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Depends on your kids- do they enjoy history? museums? I took a group of Girl Scouts there last summer- ages 11-15 and they mostly enjoyed it. Most of the girls were very interested- especially if they had ever seen any movie or TV show filmed there- but as there always is- one found it boring (she was the youngest though...) You listen through the headphones on a self guided tour, you can go as quickly or as slowly as you like. The boat ride is fun too. It is uphill walking, so comfy shoes, and windy outside so dress a bit warmer than if you were just in the city. Tickets need to be bought online and weeks in advance- so plan accordingly. They do have a night tour that I am not familiar with- that might be something to think about?
No necessarily. We were there about mid-January '12 and we didn't have to order tickets online or book weeks in advance. We took the mid-morning boat over and just booked and paid at the departure area at the wharf.

I would love to do the night tour and hope to do that next January when we are back in San Francisco.
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Old 04-08-2013, 10:52 AM   #27
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No necessarily. We were there about mid-January '12 and we didn't have to order tickets online or book weeks in advance. We took the mid-morning boat over and just booked and paid at the departure area at the wharf.

I would love to do the night tour and hope to do that next January when we are back in San Francisco.
During the peak summer months it can fully book.
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Old 04-08-2013, 12:47 PM   #28
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We are locals -- my children LOVED it and they are around that age (2 girls). The ferry is great. Be sure to get the audio tour. It is fascinating. My kids have no particular interest in prisons but they loved Alcatraz -- we all had a great time, 3 generations! My younger daughter ended up doing a report on Alcatraz for school, she found it so interesting. My recommedation is to start or end your day with a meal at the Ferry Building, one of my favorite places in SF. From there, you can walk to the pier where the Alcatraz ferries launch. Also, on that part of the Embarcadero is the new Exploratorium, if you will be going after April 17.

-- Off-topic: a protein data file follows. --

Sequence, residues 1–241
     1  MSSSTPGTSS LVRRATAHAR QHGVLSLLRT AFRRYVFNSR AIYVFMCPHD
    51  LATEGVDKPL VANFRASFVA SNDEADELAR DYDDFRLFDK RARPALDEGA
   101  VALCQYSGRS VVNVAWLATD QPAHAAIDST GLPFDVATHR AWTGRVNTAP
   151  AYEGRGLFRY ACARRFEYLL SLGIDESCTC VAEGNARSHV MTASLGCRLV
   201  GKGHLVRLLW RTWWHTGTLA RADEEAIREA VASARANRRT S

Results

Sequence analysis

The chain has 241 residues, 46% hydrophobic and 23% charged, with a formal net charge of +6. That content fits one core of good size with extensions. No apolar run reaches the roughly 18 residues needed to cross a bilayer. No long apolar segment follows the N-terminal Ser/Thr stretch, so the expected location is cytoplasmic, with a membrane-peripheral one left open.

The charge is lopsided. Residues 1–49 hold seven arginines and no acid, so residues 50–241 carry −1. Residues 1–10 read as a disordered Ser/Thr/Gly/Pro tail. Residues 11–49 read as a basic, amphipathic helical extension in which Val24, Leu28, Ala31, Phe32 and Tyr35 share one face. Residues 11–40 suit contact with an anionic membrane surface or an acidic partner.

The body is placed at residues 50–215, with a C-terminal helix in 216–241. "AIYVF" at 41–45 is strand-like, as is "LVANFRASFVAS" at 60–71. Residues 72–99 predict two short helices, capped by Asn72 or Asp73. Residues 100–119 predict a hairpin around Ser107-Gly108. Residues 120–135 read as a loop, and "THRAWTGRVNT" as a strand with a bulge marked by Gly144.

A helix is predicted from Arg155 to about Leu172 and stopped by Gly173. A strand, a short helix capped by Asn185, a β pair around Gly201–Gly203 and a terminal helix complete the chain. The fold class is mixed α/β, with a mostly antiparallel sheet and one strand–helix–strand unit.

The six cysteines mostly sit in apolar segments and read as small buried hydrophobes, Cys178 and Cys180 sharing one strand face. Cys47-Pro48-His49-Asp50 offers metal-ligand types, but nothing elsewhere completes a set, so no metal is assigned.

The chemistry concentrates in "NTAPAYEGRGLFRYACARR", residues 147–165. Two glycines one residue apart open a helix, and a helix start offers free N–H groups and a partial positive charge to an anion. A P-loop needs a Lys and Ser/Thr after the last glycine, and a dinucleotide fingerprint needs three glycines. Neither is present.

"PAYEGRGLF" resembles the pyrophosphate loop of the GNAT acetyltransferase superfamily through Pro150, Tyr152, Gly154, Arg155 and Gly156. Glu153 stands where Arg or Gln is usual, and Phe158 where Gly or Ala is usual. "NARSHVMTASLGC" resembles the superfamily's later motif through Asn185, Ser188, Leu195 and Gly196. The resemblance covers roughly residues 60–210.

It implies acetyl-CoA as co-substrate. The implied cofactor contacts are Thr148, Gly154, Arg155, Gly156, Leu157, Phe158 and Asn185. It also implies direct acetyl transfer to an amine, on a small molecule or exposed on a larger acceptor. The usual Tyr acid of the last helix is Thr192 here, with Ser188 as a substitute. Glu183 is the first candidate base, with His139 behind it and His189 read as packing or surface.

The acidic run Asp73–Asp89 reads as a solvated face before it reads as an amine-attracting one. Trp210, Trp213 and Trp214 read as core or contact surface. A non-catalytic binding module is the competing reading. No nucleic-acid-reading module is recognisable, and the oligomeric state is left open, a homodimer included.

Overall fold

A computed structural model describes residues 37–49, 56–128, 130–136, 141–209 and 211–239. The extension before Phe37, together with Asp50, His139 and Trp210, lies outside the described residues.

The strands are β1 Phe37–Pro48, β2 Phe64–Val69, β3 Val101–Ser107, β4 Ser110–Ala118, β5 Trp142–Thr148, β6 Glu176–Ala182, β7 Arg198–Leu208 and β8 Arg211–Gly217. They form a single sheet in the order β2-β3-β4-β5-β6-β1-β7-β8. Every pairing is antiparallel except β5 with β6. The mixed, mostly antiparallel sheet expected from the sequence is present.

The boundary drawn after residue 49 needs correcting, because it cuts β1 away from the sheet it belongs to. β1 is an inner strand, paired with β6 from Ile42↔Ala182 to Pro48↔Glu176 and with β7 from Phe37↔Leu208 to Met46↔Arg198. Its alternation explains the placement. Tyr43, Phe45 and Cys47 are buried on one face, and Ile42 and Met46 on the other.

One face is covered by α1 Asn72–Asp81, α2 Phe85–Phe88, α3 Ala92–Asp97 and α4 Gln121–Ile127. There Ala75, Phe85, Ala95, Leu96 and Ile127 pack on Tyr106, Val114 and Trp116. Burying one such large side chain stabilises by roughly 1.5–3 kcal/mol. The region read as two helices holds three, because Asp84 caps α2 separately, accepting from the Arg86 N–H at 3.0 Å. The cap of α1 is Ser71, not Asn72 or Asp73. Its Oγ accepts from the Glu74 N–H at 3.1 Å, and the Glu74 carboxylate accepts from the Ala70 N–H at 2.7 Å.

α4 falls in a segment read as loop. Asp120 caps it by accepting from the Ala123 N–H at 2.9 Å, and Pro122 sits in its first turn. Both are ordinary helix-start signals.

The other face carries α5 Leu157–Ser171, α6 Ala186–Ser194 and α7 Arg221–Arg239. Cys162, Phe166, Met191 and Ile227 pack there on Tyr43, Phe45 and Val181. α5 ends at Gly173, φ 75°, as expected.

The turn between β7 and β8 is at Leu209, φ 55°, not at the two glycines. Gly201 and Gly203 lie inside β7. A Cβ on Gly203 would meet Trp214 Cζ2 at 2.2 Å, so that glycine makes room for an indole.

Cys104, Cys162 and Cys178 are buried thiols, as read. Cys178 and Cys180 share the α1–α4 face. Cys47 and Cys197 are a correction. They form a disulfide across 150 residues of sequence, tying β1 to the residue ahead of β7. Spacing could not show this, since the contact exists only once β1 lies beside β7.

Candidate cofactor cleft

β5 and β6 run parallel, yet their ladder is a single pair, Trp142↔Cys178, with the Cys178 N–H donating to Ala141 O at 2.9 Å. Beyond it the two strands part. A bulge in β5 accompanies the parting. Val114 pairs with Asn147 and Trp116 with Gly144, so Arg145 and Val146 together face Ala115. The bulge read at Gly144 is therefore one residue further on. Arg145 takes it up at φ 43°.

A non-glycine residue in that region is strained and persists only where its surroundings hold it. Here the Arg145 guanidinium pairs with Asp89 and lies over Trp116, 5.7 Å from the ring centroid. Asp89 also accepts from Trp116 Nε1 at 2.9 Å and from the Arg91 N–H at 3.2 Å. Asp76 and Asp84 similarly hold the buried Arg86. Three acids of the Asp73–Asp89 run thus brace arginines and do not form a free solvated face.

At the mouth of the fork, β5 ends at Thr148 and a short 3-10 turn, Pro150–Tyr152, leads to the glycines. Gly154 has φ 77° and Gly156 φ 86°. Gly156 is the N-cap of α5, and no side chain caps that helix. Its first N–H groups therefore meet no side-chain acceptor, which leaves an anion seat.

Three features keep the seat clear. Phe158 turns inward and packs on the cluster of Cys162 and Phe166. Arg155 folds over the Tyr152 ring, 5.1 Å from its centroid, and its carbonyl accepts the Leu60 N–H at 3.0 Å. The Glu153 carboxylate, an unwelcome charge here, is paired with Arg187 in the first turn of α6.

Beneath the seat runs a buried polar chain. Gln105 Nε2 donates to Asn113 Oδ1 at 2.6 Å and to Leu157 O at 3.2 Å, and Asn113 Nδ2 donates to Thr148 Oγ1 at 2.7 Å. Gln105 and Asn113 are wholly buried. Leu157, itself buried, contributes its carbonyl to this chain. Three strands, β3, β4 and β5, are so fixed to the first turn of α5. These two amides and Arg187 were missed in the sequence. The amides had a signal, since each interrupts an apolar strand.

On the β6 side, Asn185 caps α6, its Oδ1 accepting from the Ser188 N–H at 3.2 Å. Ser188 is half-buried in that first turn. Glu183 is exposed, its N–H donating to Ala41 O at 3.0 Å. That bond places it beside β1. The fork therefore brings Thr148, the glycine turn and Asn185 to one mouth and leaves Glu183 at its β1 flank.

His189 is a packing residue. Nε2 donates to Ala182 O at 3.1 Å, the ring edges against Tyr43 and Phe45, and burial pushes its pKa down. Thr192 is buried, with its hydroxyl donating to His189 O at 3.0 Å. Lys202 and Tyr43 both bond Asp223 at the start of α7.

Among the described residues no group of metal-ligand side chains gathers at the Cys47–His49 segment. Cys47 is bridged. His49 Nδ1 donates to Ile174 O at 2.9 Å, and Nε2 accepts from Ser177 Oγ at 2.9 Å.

https://www.exploratorium.edu/

Another thing, be sure to book your Alcatraz tix through the official vendors --the rest are brokers, and try to do a bunch of add ons.

Have fun! Sorry if this duplicates other posts, I didn't have time to read the whole thread.

http://www.alcatrazcruises.com/websi...-programs.aspx
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Old 04-08-2013, 05:46 PM   #29
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I'm one of those who got peeved when the National Park Service put out a new bid for renewal for the ferry contract. It used to be Blue & Gold Fleet, which still provides sightseeing tours. The current contractor is Hornblower Cruises, which previously only did dinner cruises.

The previous vendor was reliable and affordable. You could book a cruise for less than $15 without the audio tour and under $20 with. The current price is over $30 and I believe the audio tour is required. I've done both, and there was no real difference other than the price.
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Old 04-08-2013, 09:27 PM   #30
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I went on a fieldtrip as a kid & really liked it. My kids Dd16, DS13 & DS11 keep bugging me to take them... were gonnna go in september. If you decide to go make sure you reserve at least a month in advance as they book up pretty fast & stay booked...